How Radiofrequency Ablation Works

Millions of Americans battle persistent pain every day thanks to compressed or irritated nerves. One of the most effective frontline treatments for these “noisy” nerves is a technique called radiofrequency ablation, which prevents the nerve from sending pain signals.

As a pain management practice, our team here at Comprehensive Pain Management, led by Drs. Do Chan and Boris Shwartzman, wants to ensure that patients have a wide range of treatment options. While we offer the latest advances and techniques in pain management, sometimes the best first step is one that’s tried and true, such as radiofrequency ablation.

Here’s a look at how radiofrequency ablation (RFA) works.

The concept behind RFA

Your sensory nerves play an incredibly valuable role in alerting you to danger or a problem, but this response can become tricky when there’s a structural issue that’s persistently irritating your nerve.

For example, if you have degenerative disc disease and one of your discs begins to herniate or bulge, it can press up against one of the sensitive nerve roots that branch out from your spine. In many cases, the problematic disc doesn’t represent a serious health issue, but its constant pressure against the nerve can make your life fairly miserable.

In this scenario, it makes sense to target the overactive nerve rather than make structural changes to free up the nerve. And this is where RFA comes in.

With RFA, we deliver an electrical current that ablates the nerve that’s responsible for sending the pain signals. By creating an adhesion on the problematic nerve, we prevent it from signaling your central nervous system.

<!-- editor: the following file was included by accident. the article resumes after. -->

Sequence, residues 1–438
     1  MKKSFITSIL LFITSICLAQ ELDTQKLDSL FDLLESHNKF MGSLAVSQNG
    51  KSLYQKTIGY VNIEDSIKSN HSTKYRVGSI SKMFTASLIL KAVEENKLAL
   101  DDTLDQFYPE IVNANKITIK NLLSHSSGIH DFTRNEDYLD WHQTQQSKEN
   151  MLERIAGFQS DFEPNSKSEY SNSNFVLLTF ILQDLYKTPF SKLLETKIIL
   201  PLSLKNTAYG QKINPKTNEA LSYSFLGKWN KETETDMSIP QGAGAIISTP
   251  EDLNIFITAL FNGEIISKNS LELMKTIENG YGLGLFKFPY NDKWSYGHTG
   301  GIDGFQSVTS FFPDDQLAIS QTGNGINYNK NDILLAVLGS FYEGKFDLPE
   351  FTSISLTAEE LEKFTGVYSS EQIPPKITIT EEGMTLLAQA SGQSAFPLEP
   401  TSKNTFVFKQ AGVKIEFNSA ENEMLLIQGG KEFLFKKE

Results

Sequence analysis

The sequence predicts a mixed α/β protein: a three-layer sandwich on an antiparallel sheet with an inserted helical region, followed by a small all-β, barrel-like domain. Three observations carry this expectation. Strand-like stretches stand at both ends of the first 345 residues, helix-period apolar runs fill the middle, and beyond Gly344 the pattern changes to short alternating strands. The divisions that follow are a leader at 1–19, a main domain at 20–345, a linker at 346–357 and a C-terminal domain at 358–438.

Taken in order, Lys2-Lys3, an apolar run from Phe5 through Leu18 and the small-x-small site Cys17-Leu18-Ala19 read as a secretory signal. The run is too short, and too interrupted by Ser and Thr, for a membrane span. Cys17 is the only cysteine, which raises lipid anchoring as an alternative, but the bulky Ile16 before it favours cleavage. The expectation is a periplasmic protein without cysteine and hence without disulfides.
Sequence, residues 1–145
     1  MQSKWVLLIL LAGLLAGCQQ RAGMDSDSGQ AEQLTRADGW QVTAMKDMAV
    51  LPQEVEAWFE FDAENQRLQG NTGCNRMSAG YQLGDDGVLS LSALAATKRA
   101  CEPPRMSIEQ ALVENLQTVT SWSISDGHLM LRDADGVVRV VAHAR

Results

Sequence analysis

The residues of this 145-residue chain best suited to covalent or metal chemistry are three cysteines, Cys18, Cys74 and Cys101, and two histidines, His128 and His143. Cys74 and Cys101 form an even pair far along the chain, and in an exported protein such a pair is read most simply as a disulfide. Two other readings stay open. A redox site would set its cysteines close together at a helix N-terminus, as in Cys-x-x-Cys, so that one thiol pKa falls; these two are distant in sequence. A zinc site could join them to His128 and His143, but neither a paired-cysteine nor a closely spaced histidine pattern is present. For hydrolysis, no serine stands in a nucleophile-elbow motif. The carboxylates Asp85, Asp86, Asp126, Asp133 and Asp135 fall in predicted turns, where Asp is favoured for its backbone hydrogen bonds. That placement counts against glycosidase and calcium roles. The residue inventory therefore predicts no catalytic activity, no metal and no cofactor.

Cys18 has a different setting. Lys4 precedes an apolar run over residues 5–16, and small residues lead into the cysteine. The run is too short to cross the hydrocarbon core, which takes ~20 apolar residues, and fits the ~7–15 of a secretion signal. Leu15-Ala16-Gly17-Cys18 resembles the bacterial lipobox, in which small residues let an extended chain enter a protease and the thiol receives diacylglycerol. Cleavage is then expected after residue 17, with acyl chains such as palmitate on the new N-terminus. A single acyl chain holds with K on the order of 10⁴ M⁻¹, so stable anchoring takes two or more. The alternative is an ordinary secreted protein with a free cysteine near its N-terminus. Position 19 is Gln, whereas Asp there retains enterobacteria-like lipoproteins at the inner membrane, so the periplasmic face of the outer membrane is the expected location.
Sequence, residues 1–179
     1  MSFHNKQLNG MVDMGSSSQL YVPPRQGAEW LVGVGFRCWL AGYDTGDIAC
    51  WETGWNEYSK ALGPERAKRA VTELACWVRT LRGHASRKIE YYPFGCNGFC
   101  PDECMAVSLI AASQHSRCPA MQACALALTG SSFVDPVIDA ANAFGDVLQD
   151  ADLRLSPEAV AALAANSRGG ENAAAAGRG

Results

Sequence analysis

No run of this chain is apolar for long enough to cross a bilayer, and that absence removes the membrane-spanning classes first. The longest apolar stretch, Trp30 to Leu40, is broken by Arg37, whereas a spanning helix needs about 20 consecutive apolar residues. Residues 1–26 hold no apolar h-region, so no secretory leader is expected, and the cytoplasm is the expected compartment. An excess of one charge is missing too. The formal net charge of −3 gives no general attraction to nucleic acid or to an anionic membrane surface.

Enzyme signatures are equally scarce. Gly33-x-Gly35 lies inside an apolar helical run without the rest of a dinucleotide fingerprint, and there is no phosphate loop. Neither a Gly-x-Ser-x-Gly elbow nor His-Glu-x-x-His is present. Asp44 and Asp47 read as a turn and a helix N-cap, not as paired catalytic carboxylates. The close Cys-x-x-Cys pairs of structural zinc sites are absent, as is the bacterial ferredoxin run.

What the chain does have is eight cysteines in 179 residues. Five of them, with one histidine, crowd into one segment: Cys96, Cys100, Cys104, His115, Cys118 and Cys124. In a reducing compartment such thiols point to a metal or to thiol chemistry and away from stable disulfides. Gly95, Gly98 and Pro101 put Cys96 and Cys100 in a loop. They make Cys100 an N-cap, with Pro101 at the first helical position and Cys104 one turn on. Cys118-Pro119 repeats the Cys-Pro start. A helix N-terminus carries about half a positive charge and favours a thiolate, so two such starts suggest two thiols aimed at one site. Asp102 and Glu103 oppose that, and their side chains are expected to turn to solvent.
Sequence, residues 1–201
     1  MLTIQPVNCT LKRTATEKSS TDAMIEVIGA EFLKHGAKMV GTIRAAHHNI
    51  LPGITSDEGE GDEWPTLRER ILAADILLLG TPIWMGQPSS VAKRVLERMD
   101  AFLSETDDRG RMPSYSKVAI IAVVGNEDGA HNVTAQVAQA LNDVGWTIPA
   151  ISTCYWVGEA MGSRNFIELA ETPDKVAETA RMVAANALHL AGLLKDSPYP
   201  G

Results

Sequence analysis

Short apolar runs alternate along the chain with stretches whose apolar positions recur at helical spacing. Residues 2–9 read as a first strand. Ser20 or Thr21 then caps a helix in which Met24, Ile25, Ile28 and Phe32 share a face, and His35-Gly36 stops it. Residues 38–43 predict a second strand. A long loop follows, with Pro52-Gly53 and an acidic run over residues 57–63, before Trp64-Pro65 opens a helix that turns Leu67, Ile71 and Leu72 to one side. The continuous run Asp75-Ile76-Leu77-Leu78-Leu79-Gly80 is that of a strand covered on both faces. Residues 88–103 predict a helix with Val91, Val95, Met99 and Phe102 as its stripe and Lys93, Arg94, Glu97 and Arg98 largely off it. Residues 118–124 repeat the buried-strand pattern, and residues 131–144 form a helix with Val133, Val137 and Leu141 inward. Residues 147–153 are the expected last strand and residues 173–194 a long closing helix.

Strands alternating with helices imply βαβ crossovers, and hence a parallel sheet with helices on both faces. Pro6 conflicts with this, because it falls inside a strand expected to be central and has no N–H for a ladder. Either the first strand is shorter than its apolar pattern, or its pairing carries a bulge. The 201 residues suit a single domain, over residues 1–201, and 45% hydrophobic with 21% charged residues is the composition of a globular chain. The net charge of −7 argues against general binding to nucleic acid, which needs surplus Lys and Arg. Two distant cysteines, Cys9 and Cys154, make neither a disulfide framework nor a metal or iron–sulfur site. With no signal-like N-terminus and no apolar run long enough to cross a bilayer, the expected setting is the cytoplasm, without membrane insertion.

The RFA procedure

RFA is a minimally invasive pain-management technique that we perform on an outpatient basis. 

When you come in, we position you on a table and administer a local anesthetic for your comfort. Using fluoroscopy, which is the term for a live X-ray, we guide a needle into the nerve we believe is responsible for your pain. Once in place, we deliver a radiofrequency current through the needle and into your nerve. This energy heats up the nerve and creates the adhesion we referred to earlier.

Once we complete the procedure, you’re free to return home.

After your RFA procedure

Immediately after your RFA procedure, you may feel some soreness at the treatment site, which is typically short-lived. Over the following weeks, you should realize gradual relief from your pain as your body adapts to the newly ablated nerve. We advise that you take it easy during this time, and use your own judgment as to when you feel ready to return to more active pursuits.

As for how long these results last, it’s hard to say as our patients respond differently. Many enjoy pain-free movement for 6-12 months while some go even longer.

If you’d like to explore whether radiofrequency ablation can alleviate your pain, please contact one of our offices in Attleboro or Franklin, Massachusetts, or South Kingstown or Warwick, Rhode Island.

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